Organized Sports for Your Dog
By Kim Downing
Training your dog is a fun activity for you and your dog! General training is a basic requirement for dog ownership, but more advanced training can be a fun endeavor. If you haven’t ventured into the various activities available to you and your dog, you might not realize how many opportunities there truly are. We’ll take a look at some of the most commonly available options.
**Note: These options are available in the various countries in the world, so wherever you are located, please be sure to check with local kennel clubs to see the rules in your country and presiding clubs/authorities for each activity.**
Obedience and Rally
The most common activity to move into from general training is competitive obedience and rally.
Obedience trials have multiple levels with each one getting harder. The typical tasks include heeling, sit, down, recall, and stay. Higher levels include scent discrimination, send outs, jumping over jumps, among other tasks.
Obedience is more formal and requires tighter precision in the work. Additionally, there is no talking (other than one spoken command unless you are using hand signal commands) to the dog allowed during the exercise, although you can praise in between exercises.
Rally is an off shoot of obedience that is intended to be an entry into the competitive obedience world. It is less formal and actually more fun! Dogs are trained in numerous commands such as come front, weaving heel, stand, side stepping, pivots, as well as others. What makes rally unique is that you never know what commands you and your dog will encounter. This is because the judge of the day determines a course, which is made up of separate stations. At each station there is sign that corresponds with a skill.
Depending on the level you are entered in, you and your dog will navigate a course full of stations stopping at each one to perform the skill that is indicated by the sign.
What makes rally more fun is that it is ever-changing. You won’t ever walk the same course twice, so you have to train your dog for all the skills possible but won’t know which ones you’ll actually need in a trial. Plus, you can talk to your dog throughout the course, if desired, and repeat a command more than once. Lastly, the scoring is not as rigid as obedience.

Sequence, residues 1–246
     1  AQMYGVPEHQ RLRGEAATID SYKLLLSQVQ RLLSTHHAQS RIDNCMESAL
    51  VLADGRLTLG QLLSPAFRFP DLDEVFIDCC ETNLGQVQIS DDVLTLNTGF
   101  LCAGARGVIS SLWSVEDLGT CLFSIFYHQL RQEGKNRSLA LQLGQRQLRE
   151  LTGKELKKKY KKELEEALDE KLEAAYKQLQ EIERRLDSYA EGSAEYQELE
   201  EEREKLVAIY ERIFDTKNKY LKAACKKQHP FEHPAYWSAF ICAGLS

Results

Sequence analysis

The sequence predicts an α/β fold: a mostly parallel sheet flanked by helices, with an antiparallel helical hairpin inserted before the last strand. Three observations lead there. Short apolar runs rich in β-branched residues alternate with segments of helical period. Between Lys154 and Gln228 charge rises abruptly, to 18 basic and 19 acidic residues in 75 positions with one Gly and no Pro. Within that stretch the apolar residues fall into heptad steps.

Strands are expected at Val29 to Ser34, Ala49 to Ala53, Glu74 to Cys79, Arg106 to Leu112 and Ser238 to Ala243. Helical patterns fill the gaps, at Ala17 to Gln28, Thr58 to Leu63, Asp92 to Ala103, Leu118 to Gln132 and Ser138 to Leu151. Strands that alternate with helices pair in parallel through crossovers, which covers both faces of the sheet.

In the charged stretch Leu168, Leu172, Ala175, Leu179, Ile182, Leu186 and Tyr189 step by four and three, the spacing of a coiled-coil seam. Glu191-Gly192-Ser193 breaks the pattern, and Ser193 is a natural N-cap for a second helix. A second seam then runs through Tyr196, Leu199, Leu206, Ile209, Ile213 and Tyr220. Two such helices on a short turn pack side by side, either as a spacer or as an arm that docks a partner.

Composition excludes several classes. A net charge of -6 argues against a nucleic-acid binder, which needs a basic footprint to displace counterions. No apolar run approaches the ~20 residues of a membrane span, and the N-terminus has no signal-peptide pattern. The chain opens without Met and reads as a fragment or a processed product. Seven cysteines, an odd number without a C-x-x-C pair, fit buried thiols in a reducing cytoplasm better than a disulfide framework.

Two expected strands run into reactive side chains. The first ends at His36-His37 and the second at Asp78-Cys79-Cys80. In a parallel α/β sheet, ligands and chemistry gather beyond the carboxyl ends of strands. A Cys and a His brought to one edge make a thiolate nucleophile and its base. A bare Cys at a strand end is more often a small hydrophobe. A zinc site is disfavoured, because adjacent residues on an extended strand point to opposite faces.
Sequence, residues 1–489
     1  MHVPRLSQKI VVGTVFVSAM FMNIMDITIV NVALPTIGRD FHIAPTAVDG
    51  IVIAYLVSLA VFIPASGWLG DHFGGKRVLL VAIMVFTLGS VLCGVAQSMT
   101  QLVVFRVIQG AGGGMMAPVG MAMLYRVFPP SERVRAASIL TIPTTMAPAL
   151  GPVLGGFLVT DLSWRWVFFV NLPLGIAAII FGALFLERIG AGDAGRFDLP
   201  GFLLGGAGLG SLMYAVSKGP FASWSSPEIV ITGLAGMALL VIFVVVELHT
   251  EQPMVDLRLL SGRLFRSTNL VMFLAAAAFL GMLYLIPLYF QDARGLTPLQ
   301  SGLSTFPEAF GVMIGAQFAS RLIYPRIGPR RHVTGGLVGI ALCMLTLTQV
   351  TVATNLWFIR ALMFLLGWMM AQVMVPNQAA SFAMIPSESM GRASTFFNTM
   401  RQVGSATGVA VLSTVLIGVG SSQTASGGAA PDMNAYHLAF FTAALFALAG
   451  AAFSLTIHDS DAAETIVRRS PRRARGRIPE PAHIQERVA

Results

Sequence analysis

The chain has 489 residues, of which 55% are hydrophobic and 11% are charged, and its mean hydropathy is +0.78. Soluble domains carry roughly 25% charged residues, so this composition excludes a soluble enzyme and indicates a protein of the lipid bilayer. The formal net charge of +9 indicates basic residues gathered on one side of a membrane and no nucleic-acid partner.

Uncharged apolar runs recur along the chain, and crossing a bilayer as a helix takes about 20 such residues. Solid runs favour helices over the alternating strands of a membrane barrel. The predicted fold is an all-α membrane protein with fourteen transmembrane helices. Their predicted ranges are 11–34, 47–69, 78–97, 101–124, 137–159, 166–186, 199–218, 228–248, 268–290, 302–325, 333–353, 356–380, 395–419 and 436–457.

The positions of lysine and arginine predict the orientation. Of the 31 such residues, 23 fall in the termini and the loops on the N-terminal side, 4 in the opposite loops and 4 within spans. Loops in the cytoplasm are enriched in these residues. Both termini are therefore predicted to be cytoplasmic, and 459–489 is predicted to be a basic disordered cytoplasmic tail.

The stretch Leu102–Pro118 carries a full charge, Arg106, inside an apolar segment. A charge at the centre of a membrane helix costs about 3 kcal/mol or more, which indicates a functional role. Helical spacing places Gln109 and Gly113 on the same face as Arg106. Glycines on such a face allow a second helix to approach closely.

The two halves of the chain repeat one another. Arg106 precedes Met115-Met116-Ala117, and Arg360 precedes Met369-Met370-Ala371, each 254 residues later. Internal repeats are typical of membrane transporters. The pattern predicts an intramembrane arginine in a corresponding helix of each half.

Agility is a sport that is engaging, complex, and addictive! It is the fastest growing of the competitive sports and there are multiple organizations you can show under. Each organization that offers agility has slightly different rules, obstacles, etc. so it’s a good idea to become familiar with each one to decide where showing is best for you.
There are many, many levels and titles, but the main goal is for the dog to run as fast as it safely can and as cleanly as it can. There is always a standard course time, and your dog should run faster than this listed time. Time flies fast on the course!
Depending on what type of course you are entered in, you and your dog will encounter contact obstacles (A-frame, dog walk, see saw, etc.), jumps, open and closed tunnels, pause table, and weave poles. The course order is determined by the judge for that trial, so the courses aren’t ever the same. This is challenging because you need to train your dog for as many possible course variations as you can.
Prior to your run, you (and the other competitors) are allowed to walk the course without your dog to get a feel for the order and figure out how you are going to handle it. When it is your turn to enter the ring with your dog, you have to help your dog navigate the course correctly at a high speed. This requires a lot of training and good communication between you and the dog.
Herding is an old time training activity that still has real world applications. It is also a competitive sport with multiple levels of titles, but it a challenging activity for both the handler and the dog.
The dog and the handler have to work in unison with one another. The dog needs to listen to the handler, but the handler also has to closely trust the dog and listen to it.